Heart Force Medical raises $4.8 Million

Posted by Rob Lewis

Vancouver's Heart Force Medical announced this morning that it has closed its private, non-brokered financing raising a total of $4.8 Million.

You may recall hearing about Heart Force last June when they won the BC Technology Impact Association Award for most promising pre-commercial technology for their patent-pending digital Ballistocardiograph (dBG(TM)). The dBG 300, which is already approved in Canada and secured FDA certification in July 2009, captures the movement of the heart during each cardiac cycle (heart beat).

"Despite the turmoil in the capital markets in 2009 Heart Force demonstrated the increasing value of the digital Ballistocardiograph (dBG(TM)) technology by the achievement of a series of milestone events that culminated in the closing of this financing," said Dr Geoff Houlton, HFM's President and CEO. "Last year in addition to the award for best pre-commercial technology from the BCTIA, we secured FDA certification. Most recently, on January 5th we received the European CE Marking. This mandatory confirmatory mark certifies that the dBG 300 has achieved the necessary safety and efficacy requirements for marketing to all countries in the European Union. In 2010 we will continue to advance our clinical applications in a number of clinical experience studies including ischemic heart disease and cardiac pacing studies."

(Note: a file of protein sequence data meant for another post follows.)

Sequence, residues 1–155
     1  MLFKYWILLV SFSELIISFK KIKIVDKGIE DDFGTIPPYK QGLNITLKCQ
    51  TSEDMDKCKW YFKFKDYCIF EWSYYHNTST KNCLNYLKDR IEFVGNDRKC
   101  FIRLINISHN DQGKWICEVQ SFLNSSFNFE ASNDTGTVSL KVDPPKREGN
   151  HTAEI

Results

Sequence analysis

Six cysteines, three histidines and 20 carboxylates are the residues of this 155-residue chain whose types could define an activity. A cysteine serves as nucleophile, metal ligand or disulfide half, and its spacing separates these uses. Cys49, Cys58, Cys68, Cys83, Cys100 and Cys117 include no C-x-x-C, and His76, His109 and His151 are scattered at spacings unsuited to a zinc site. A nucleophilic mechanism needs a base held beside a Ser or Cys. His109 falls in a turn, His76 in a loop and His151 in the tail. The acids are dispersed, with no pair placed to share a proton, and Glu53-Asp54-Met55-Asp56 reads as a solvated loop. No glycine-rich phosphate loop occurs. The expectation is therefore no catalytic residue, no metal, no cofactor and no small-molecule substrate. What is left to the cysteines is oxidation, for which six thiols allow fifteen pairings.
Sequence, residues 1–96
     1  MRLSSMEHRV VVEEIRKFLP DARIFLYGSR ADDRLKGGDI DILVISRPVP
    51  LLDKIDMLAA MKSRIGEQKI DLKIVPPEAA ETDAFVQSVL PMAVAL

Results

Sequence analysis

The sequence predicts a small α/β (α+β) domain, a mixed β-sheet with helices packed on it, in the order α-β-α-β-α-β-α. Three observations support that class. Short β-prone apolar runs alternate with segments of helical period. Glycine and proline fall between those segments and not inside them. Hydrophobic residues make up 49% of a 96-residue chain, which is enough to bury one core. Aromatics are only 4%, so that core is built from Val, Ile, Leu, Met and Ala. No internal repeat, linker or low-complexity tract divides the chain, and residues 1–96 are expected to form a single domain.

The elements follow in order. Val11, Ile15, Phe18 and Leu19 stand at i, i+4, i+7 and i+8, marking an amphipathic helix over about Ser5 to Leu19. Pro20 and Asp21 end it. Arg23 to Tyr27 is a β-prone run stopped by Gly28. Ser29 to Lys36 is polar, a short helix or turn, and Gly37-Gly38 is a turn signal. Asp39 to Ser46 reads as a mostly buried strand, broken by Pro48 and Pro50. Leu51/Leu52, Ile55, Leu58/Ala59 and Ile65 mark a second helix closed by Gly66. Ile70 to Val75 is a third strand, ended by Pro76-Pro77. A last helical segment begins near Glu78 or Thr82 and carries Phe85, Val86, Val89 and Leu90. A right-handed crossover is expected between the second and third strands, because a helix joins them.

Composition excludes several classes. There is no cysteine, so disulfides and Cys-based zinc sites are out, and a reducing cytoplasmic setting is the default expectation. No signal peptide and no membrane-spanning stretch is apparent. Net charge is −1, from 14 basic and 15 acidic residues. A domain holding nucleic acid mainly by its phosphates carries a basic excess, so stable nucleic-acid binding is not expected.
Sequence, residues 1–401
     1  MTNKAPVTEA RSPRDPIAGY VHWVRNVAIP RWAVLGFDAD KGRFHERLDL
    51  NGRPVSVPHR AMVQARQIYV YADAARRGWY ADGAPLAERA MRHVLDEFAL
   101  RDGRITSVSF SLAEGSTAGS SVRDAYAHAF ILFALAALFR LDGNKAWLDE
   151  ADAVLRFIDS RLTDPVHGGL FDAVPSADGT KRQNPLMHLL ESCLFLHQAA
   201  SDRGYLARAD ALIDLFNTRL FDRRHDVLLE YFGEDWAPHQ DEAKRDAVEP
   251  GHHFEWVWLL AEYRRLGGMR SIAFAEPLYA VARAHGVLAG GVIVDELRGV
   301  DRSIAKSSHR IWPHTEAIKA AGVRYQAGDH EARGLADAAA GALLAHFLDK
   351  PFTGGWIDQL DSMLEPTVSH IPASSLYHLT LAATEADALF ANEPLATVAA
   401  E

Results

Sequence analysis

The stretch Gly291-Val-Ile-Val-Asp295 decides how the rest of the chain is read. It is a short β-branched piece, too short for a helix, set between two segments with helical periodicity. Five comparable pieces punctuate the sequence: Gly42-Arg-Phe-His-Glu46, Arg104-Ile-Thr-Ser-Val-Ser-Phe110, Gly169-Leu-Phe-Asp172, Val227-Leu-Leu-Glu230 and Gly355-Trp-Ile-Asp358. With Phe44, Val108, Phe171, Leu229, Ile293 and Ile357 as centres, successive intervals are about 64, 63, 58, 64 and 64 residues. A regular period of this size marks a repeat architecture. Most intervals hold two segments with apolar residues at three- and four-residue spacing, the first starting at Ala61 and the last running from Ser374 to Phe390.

Heart Force Medical anticipates its dBG technology will ultimately be used by physicians as the premier non-invasive cardiac assessment, monitoring and screening device.

Company:
Heart Force Medical
Website:
http://www.heartforcemedical.com
Location:
Vancouver, British Columbia, Canada

Providing low cost, rapid, and effective means of detecting heart disease is what Heart Force Medical is all about. We have developed a new, non-invasive medical device (the digital Ballistocardiograph) to assess cardiac function by sensing the seismic (contraction) forces generated by the heart. These forces are captured by accelerometers in a sensor placed on the chest. The waveforms are transmitted to a laptop... more


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Rob Lewis

Rob Lewis

Rob is the President of Techvibes Media and Editor-in-Chief of Techvibes.com.  His diverse background includes stints in International Trade Finance, Web Development, and Enterprise Software and he is a graduate of the University of British Columbia, British Columbia Institute of Technology, and Simon Fraser University. When not running Canada's leading technology media property, Rob can be... more



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